Why you are launching the competition is we have to learn from experience so every mistake that’s shared, we are going to try to understand what was that good reason why that mistake was made which essentially was the bad assumption at the time. How can we make sure that we never make this mistake again? We will publish this as a booklet of case studies. This will be the start of the journey where we are encouraging people to share immediately the mistake that they have made, why and what they have learned from it and that’s the thing that gets you off the hook.

It’s your permission to fail.

We don’t want to learn fast from failures. We only want to learn fast. The sooner we learn from it, the better. We had this day and it was fantastic. It was so interesting because he stood up and he said, “I had decided to outsource this thing. I outsourced it to a competitor. There was a massive burndown in one of the factories. Suddenly, we were completely dependent on them to supply. With the short supply, the price doubled. It wiped out all of our profits and it costs us hundreds of millions of dollars.” I’m quite confident that during the whole day, nobody will share a bigger mistake.

Was that a true story?

Absolutely and it was fantastic because it was like this cloud that lifted off people and everybody had that, “Suddenly, I can tell them.” We encourage them to share everything including one of the biggest reasons for bad decisions as again, not because of bad people or ignorant people, but because of bad measurements. Show me how you measure me and I will show you how to behave. If you measure me on the wrong thing, don’t be surprised at my behavior. We ask the same question to people. Are there situations where you are taking an action that you know is bad for the system, but you feel compelled because of the way that you are measured?

It happens all the time. I worked corporate and I’m an entrepreneur and the whole quarterly pressure is out of control. It is so bad.

I think that’s a short answer to your question trust is important but it has to come from the top.

That’s where the culture permeates from. What were the tangibles that changed in that company when that exercise was done?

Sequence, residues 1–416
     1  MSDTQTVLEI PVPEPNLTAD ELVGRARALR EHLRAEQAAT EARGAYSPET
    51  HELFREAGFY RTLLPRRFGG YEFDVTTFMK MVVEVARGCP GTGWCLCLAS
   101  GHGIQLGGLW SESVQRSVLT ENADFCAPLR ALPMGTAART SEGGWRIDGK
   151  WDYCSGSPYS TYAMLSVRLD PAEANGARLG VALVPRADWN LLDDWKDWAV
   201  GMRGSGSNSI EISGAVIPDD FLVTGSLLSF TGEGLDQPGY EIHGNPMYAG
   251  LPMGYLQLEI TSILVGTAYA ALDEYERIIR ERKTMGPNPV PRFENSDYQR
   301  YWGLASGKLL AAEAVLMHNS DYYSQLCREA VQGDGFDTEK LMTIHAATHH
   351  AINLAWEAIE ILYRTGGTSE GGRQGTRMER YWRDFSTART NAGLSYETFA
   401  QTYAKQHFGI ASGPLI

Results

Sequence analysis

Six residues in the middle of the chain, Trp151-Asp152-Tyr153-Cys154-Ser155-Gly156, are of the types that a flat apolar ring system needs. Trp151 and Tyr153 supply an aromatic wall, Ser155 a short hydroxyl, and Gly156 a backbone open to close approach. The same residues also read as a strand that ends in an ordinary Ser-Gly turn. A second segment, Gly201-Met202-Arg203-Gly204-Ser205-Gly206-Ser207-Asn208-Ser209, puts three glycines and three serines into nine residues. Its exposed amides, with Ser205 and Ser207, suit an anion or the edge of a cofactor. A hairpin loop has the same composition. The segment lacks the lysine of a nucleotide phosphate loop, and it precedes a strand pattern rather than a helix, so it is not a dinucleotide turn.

TTD 38 | Decision Making
Decision Making: When you start studying science, the first thing that they drill into your mind is that you can never prove yourself right, but you can prove yourself wrong.


The first thing was that we wanted to measure the lag between the mistake being made and that mistake being announced and that dropped dramatically. Essentially, what we said is that the only protection you have against being held accountable for a bad decision is immediately sharing that decision. As soon as you get evidence that the consequences were bad, share it. That’s important because a bad decision and a bad outcome are not the same things.

You could have a good decision that has a bad outcome and you could have a bad decision that has a good outcome. For example, I can decide that even though I’d had three glasses of wine, I feel okay to drive home. I get home and I’m safe. Was it a good decision? No, it was a terrible decision. You could have killed somebody and destroyed their life and your life. That’s the other thing that we teach in the organization is to be careful. A good and bad decision doesn’t mean a good or bad outcome.

You can have a good decision that resulted in a bad outcome simply because of probabilities. It’s that in most cases, that decision would have resulted in a good outcome, but sometimes it could result in a bad outcome. We launched a new product. We fully expected that sales went up. It didn’t go up. Now, we want to know why. The sooner I declare the bad outcome, the sooner I can start analyzing to see what the bad assumption was that we made.

I think you are mature enough to remember the years ago when Coke launched that disastrous new Coke product. I’m in Stanford, Connecticut and here you have a company with a lot of smart people. They spent a lot of money on marketing dollars and it was an absolute unmitigated flop. I assume that was from bad assumptions. This happens on all different scales. How does that happen in an organization?

What we know from the way that our mind works, as I mentioned, is we don’t rationalize and then we decide. We decide and then we rationalized. We make a decision and then we look for evidence to support the decision. It’s quite hard to disprove yourself. It takes effort. What happened, in that case, is they decided that by changing the taste of Coke, they will be able to better compete with Pepsi because Pepsi was killing them in the blind tasting taste.